Need to Find Your Motivation? Turn Up the Nostalgia
April 17, 2019
You’d be forgiven for thinking we’re reliving the ‘90s.
The Spice Girls are making headlines, a trailer for The Lion King remake just dropped, and clothing stores are suddenly flooded with tie-dye t-shirts. Confusing as it would be for a time-traveler, the effect is oddly soothing.
At a time when things seem terrifyingly uncertain, nostalgia feels like an easy escape. It's like a vacation without having to deal with flight delays and visa concerns.
But according to studies, the benefits of reminiscing may go a little deeper. Remembering the good times of the past—say, by jamming to the Jonas Brothers’ comeback song—may actually inspire optimism for the present and future.
What’s important, clinical psychologist Wayne Pernell, Ph.D. tells Shine, is the way in which you engage with the past. “A sense of longing for what was has been shown not to enhance wellbeing, especially in older adults,” Pernell explains. “(But) when older adults are encouraged to recount the good things that happened in their lives, a renewed sense of wellbeing ensues. When we reflect on the positive, we relive it, as if it is the present.”
Hearing “Can You Feel The Love Tonight,” for example, might bring back old memories of watching the OG Lion King with your family, or of a time when your biggest concern was getting the right color Gushers.
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“The mind processes everything as current,” Pernell says. “It's why we cringe when we relive the ‘should-have’ moments that were so painful. It's also why we smile so big when we hear the song or smell the smells of yesterday or a few decades ago.”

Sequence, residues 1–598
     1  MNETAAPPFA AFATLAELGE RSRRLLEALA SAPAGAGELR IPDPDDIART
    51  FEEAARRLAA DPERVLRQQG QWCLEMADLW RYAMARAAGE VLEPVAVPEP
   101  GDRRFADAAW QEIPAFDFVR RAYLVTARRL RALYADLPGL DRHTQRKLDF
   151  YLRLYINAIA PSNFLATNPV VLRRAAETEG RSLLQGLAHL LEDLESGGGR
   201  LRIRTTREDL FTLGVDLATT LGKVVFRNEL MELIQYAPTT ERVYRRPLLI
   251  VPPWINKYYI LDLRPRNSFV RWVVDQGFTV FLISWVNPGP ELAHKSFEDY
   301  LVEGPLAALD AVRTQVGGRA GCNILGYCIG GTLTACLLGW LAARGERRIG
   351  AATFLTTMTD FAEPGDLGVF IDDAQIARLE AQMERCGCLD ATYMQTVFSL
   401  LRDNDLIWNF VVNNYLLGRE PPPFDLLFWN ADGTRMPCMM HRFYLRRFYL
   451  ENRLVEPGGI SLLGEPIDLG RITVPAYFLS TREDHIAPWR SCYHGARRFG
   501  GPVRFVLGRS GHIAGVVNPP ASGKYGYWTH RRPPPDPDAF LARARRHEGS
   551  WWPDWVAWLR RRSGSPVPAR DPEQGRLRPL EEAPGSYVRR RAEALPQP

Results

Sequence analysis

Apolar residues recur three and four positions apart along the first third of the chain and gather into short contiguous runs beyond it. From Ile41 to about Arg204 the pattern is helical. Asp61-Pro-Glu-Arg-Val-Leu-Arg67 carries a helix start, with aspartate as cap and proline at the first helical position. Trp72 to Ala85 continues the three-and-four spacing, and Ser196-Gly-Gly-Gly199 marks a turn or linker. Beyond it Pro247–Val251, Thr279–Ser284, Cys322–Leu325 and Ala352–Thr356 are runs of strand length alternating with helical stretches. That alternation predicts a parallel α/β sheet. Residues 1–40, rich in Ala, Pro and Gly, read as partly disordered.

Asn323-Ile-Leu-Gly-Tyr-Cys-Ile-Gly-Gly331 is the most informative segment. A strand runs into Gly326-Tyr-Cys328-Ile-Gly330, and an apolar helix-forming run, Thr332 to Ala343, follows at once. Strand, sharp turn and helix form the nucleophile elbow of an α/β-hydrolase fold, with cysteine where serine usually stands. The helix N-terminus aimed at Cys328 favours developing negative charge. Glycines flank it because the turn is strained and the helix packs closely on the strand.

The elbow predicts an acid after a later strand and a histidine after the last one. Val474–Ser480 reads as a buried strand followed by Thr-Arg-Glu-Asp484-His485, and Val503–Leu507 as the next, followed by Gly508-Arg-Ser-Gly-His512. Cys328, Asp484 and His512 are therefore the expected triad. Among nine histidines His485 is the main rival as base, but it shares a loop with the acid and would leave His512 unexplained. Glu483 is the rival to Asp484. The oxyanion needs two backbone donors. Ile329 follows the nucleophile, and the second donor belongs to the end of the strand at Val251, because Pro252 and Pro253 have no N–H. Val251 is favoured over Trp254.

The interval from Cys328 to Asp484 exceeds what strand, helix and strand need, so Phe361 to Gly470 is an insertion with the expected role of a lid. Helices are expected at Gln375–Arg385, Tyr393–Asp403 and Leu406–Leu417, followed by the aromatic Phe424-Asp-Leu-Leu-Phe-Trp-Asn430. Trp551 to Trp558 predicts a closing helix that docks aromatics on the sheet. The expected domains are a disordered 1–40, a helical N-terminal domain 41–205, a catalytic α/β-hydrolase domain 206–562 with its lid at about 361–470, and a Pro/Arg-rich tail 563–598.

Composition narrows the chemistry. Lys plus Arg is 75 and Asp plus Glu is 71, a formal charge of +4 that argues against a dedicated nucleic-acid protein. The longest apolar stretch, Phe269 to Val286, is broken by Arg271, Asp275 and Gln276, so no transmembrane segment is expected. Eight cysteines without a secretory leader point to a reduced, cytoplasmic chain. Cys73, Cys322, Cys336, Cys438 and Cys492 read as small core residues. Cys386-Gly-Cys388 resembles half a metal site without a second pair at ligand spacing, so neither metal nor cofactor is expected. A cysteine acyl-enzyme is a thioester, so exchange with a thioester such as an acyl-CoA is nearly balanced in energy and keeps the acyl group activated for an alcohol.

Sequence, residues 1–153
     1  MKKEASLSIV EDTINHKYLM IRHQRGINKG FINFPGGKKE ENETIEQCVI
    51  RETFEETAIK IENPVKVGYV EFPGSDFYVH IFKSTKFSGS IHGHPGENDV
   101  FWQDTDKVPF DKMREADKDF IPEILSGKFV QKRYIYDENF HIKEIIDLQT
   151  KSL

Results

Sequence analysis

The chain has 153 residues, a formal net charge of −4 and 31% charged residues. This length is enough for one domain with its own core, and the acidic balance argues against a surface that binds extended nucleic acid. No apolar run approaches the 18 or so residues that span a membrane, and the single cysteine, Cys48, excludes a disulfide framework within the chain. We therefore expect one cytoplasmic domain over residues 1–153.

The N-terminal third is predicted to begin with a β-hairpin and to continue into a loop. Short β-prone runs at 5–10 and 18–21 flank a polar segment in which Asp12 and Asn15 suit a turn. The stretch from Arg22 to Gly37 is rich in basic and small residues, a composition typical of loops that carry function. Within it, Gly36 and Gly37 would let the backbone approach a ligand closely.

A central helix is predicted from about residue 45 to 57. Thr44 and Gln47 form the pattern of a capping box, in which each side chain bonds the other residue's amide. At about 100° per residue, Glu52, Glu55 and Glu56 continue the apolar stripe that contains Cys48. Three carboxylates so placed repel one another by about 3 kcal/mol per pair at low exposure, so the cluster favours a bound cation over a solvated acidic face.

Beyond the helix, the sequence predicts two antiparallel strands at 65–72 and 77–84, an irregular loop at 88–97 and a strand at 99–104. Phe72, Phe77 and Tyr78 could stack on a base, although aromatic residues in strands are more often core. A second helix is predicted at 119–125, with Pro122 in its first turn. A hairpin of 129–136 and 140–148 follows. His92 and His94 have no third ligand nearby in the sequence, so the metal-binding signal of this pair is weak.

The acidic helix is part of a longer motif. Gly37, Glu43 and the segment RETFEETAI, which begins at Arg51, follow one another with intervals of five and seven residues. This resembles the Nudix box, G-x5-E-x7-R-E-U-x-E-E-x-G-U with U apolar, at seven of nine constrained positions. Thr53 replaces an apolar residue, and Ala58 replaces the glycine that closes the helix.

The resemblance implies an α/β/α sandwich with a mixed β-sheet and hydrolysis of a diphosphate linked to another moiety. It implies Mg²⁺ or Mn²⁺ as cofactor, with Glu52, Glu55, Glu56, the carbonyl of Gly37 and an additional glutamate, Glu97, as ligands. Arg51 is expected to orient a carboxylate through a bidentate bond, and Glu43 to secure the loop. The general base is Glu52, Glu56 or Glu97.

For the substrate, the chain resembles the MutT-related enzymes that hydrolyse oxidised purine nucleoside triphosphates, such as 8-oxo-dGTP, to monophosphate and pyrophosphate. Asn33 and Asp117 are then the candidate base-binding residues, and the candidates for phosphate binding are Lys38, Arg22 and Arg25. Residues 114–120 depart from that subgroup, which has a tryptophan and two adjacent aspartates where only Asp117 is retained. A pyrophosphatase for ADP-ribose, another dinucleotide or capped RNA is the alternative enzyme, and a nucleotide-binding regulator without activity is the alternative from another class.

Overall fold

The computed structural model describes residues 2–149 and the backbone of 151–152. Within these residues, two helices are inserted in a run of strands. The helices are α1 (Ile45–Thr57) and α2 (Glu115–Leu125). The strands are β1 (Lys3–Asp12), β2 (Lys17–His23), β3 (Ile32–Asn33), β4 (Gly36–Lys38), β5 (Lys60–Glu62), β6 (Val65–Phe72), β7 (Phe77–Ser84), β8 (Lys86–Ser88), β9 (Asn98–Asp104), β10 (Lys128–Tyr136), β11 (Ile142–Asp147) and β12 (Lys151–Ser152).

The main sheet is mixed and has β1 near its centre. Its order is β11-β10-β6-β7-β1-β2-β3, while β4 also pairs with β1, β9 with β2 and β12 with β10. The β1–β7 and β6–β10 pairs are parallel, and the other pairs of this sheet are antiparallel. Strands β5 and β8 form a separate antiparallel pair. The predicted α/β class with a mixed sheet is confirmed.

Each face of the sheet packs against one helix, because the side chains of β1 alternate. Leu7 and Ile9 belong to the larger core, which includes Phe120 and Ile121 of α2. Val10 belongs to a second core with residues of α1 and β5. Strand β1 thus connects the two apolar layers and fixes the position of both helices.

One reason for this is because happy memories increase production of the feel-good neurotransmitter dopamine, which in turn can make you feel better in the moment—and more optimistic for the future. "We feel good and we look forward to the future with a new sense of vitality," Pernell says. "In a sense, we've reset a clock in our minds.”
Hustle Like It's 1999
So, how does it all tie back to getting stuff done?
According to research, the feel-good glow of nostalgia is enough to give you a boost of motivation. In a series of 2013 studies, researchers had participants write about positive events in their past and engage with nostalgic music. As compared to control groups, those who re-experienced the past expressed more optimism and higher self-esteem.
“Our findings have shown that nostalgia does have the capacity to facilitate perceptions of a more positive future,” explained study author Dr. Wildschut. “Memories of the past can help to maintain current feelings of self-worth and can contribute to a brighter outlook on the future. Our findings do imply that nostalgia, by promoting optimism, could help individuals cope with psychological adversity."
Rather than a sign of regression, reflecting on the past can actually help improve the present and the future. The key, Pernell says, is to remember that the present and future can be just as great as the past.
“Harnessing the feelings of ‘those were the days’ can be brought to the present to create the sense of ‘these are the days, too!’,” he says.
The next time you feel stuck, grab a piece of paper and start describing a fun past experience. Remembering the good that came before can inspire you to seek out more good, and reflect on how future-you might look back at what you’re doing now.
Maybe listening to old music inspires you to write a song or story of your own. Or perhaps reminiscing about a road trip motivates you to finally put in for some vacation time.
“The good news is that for most people, reminiscing is just that. No one really gets sucked back into living in the 60s, 70s, 80s, or 90s. We touch the feelings and may bring a touchstone or souvenir with us to remind us of the feelings, but we're not stuck living there,” Pernell says. “So reflect, reminisce, and enjoy. That feel-good feeling is worth carrying forward and might just allow you to enjoy today a little more.”
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